August 14, 2015
leaving for the August recess, Congress failed to complete its annual
defense bill. One of the sticking points holding up lawmakers is whether
or not to cap the active duty pay raise.
Active duty pay raises
are designed to keep pay comparable and competitive with wage growth in
the private sector. Pay raises for the active force are based on the
Employment Cost Index (ECI), a metric calculated by the Bureau of Labor
Statistics that measures private sector wage growth.
year, House lawmakers agreed to authorize a full active duty pay raise
of 2.3 percent. Senate lawmakers, however, want to cap the pay raise at
“Annually raising active duty pay at the same pace as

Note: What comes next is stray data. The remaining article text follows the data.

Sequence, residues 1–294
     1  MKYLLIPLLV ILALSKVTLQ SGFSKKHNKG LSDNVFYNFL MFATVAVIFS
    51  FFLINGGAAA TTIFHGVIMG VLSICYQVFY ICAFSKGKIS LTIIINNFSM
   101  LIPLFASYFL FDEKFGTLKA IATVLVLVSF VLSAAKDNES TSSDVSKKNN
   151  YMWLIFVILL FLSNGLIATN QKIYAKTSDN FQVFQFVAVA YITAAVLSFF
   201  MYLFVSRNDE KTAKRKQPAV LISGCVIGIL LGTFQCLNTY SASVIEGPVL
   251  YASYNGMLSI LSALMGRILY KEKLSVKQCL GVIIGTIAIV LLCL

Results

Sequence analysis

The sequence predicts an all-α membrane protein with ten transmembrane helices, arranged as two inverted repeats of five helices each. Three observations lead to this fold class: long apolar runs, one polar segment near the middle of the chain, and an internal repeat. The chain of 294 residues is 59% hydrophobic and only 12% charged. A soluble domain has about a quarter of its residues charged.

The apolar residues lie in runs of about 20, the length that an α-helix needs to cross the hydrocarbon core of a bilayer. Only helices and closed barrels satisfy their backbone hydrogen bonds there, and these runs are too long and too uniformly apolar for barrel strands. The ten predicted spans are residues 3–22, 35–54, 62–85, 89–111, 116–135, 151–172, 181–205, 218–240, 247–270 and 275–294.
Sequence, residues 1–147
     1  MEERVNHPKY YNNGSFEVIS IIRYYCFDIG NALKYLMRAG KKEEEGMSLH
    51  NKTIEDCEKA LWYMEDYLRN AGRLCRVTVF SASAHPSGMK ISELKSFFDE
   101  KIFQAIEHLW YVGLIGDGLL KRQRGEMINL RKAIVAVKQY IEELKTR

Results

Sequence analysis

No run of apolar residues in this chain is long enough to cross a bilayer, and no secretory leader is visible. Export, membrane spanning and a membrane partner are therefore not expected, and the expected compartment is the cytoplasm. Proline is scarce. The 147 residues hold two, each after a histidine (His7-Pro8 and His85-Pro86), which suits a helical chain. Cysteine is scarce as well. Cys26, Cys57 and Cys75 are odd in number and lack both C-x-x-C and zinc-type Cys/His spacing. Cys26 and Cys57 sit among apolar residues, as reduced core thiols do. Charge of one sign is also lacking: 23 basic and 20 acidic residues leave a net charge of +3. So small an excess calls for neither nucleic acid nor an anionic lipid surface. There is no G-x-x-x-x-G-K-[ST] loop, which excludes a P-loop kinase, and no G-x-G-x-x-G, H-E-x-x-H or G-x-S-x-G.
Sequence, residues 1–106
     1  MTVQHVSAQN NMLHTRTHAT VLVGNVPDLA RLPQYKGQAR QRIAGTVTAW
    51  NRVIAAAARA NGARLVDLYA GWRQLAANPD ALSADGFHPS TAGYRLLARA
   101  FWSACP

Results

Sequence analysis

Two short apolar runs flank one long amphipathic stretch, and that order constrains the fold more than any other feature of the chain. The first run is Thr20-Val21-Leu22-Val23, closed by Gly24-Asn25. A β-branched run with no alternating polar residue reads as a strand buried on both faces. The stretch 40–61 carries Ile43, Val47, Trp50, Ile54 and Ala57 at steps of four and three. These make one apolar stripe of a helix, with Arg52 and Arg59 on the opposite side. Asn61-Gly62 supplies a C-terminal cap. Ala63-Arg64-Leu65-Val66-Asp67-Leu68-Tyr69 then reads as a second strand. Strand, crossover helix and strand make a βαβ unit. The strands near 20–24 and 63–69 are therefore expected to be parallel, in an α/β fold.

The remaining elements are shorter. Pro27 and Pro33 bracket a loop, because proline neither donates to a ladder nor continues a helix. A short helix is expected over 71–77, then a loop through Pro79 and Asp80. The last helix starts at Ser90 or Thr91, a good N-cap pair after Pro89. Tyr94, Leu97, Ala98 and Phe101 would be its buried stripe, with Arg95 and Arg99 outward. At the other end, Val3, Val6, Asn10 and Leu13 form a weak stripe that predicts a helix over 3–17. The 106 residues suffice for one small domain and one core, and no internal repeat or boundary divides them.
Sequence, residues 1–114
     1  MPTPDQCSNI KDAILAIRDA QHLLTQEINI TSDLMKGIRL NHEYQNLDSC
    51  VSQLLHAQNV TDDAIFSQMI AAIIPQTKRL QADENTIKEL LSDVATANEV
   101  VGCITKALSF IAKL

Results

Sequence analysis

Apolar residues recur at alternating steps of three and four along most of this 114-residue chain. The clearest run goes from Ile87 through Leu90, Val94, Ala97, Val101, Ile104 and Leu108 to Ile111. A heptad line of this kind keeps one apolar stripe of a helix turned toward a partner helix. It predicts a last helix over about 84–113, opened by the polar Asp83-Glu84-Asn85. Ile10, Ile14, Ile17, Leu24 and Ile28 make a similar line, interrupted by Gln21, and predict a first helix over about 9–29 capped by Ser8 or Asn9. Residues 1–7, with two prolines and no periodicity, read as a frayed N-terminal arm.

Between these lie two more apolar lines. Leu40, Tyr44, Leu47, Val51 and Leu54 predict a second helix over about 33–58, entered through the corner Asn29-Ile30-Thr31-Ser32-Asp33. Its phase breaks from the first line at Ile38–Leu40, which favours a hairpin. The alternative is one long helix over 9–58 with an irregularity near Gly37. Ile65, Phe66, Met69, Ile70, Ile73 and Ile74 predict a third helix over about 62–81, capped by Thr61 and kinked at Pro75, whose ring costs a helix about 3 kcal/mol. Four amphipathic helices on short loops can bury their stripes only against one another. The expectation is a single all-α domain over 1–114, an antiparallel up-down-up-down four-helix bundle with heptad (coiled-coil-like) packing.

the private sector is essential to sustain a quality force - and
maintain readiness - over the long term,” said MOAA's Director of
Government Relations, Col Mike Hayden, USAF (Ret).
has already agreed with the Senate's position on the pay cap. If it goes
through, this would be the third year of pay caps below private sector
wage growth. It would continue a troubling trend of eroding pay and
benefits for servicemembers and their families.
Congress left town for the August recess, lawmakers rubber-stamped a
COLA increase for disabled veterans and military survivors.
makes no sense for Congress to adhere to one set of laws for our
veterans, but fail to follow the same logic for active duty troops,”
The president has until the end of the month to notify Congress if he intends to cap pay. Time is running out.
Act Now! Send a MOAA-suggested message asking Congress to support the 2.3% raise that keeps military pay on pace with private sector wage growth.